7 bags of mulch later

The weather up north is getting chilly. Fall is here. The window for transplanting is not very far out.

Before (Sandy, our dog, was supervising)

After

The additions were four Blue Mouse Ears hosta divisions (left front), one large Praying Hands hosta (center), a lot of cardboard underlayment, and seven bags of mulch.

The garden build out up north is for all purposes now done for the year, as well as prepped to receive 2022 daylily seedlings (pollinator creations) and sedum cuttings (propagation) next year. I may bring up a few more daylilies, a sedum or two, and another clump of Blue Mouse Ears to divide over the right side of the Praying Hands hosta yet this fall, but I’m happy as is if I don’t.

My husband is not keen on transplanting the clematis, so those are still at the townhouse. We’ll see if they make the shift.

The alpine currant is still by the shed. It’s a bit too late to move it now, so next spring that will move to the back of the yard.

The weigelia rootings are doing awesome! If they survive the winter, they may also get moved to the back of the yard. I’m now dreaming of daylilies and hostas along both long gutter extensions.

I honestly never thought the gardens would be this far, but I am very pleased the foundations are now in place to build on.

Rest well, new gardens.

It’s a tough call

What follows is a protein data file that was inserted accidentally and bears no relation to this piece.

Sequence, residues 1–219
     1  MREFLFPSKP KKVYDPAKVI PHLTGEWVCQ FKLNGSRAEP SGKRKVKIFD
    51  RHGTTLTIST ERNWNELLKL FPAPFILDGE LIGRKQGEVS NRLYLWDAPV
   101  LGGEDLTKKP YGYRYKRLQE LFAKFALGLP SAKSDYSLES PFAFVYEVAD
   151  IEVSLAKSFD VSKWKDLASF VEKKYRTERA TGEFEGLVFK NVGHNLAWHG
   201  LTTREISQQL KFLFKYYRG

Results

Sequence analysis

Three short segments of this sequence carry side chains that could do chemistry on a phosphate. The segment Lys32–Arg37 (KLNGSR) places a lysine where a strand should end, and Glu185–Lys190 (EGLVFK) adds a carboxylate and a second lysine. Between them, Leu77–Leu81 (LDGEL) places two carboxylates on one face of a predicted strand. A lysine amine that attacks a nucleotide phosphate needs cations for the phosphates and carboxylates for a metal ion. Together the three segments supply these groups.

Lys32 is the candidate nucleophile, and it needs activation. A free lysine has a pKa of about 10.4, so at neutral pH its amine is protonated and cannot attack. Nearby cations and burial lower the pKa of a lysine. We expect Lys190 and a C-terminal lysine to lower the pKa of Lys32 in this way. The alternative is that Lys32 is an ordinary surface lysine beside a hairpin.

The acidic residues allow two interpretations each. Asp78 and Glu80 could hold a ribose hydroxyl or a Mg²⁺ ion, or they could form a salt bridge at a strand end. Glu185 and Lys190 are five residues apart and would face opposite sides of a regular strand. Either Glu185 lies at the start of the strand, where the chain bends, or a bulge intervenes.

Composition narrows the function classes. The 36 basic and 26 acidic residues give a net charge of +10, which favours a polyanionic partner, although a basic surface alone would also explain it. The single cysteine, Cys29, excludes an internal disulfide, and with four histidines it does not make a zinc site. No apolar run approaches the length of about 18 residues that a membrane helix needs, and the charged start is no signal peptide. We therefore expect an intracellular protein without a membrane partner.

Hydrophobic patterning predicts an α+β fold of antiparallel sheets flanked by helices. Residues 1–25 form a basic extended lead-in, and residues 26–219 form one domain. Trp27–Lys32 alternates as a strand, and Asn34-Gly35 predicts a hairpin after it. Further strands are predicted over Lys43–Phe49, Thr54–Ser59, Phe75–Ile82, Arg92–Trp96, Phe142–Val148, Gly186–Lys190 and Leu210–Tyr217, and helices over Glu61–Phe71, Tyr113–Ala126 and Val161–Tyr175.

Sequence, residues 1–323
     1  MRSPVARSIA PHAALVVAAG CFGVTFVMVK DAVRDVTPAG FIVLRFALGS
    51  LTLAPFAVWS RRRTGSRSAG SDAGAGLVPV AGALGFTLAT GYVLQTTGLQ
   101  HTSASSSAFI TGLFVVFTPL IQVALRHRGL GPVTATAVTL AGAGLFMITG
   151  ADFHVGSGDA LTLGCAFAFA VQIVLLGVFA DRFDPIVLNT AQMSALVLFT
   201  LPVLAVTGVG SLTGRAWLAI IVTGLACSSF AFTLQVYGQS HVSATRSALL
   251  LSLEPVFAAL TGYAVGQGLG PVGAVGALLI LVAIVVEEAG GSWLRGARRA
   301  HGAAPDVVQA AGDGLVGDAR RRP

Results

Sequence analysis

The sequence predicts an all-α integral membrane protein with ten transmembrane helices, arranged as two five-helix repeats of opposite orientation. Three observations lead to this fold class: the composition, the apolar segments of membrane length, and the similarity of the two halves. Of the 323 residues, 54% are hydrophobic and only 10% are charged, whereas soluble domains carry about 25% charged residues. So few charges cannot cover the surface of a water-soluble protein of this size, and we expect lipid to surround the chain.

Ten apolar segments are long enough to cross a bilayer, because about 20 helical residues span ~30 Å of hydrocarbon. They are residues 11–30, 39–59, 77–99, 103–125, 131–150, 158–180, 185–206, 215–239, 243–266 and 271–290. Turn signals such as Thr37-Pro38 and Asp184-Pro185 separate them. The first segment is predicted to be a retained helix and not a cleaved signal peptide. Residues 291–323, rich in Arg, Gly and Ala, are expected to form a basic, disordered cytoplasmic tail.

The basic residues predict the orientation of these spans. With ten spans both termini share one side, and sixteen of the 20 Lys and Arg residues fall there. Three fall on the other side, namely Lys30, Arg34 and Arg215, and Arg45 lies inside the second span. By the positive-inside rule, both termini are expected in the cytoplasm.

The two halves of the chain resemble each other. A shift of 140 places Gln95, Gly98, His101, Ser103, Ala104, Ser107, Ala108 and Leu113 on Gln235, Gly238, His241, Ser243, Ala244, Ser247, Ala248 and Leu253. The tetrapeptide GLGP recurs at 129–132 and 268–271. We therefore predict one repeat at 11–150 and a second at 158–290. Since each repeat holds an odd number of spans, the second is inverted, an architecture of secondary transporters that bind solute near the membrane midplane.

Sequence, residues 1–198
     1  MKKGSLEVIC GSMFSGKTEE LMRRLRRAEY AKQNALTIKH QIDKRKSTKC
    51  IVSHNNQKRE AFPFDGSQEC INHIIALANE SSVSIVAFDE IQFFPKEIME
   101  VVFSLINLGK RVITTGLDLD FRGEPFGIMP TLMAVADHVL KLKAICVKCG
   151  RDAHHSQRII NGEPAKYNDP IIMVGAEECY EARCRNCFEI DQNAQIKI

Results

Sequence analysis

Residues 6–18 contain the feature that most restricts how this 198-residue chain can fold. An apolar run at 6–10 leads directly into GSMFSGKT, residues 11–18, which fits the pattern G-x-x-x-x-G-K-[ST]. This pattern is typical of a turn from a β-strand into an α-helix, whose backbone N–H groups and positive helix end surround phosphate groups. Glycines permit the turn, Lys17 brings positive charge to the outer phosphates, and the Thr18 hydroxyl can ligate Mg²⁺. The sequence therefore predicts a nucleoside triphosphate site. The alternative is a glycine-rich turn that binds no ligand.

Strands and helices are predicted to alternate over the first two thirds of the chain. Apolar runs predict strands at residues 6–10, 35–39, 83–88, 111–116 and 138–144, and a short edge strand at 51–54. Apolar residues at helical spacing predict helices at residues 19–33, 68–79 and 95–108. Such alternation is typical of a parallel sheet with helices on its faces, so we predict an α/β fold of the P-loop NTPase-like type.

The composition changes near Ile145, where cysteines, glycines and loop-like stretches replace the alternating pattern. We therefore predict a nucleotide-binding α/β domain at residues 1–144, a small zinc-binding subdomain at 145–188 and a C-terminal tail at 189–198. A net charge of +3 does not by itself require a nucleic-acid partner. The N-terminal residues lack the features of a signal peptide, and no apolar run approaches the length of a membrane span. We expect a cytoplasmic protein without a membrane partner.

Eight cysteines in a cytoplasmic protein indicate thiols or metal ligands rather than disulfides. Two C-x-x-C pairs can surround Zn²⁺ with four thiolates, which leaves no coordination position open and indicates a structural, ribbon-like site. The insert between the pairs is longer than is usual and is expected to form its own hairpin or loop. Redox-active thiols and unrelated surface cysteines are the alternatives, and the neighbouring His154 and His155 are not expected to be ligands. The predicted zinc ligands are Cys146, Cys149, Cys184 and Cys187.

This past weekend we “escaped” what was supposed to be a very rainy Saturday at home and headed to see how the thaw is going up north.  We brought Sandy along to walk the land for the first time.  He loved every sniff, and thoroughly wore himself out.

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Afterward we drove to Duluth to check out how the big lake (Superior) looked.  There is still plenty of ice and snow along the shore in Canal Park.

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We also learned that Sandy is not a fan of seagulls.  Little dog, big noisy birds …  He was ready to be done with that visit!

Back home, it is supposed to be a rainy week.  I have a tough call.  Some time soon I need to get the (now huge again) hibiscus back outdoors so I have room to start my seedlings for up north.  The nighttime forecast is calling for temperatures just shy of 40°F all week.  It will probably be next weekend until I can make that shift.  It’ll be tight on time but it should still work.  Up north there is still snow/rain in the forecast this week.  We’re looking at around a month, maybe more, until seedlings can safely be put out up there.

All in good time.

Our “Guest in the Garden” gets a promotion

WHAT!!!???

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Yup, it’s true.  Since I started working from home, our “guest in the garden” has gotten a new set of responsibilities, and a promotion.  He is no longer a guest.  He is now the full-time monitor of the garden, and, more importantly, the office manager.

About an hour into the day he comes in to the office to make sure everything is up to snuff, then returns to his garden monitoring activities (and occasionally a snooze). When I call in for meetings, he hears the speaker phone and comes running to circle around on his office blankie and listen in.   And at the end of the day he reminds me not to over-work by prancing and sneezing to ask for his walk.

Sandy’s contributions have been invaluable and he has worked very hard for this promotion.  Everyone please congratulate Sandy and welcome him to the team full-time.  Please feel free to reach out to him if you have questions about the squirrels, ducks, birds, and bunnies.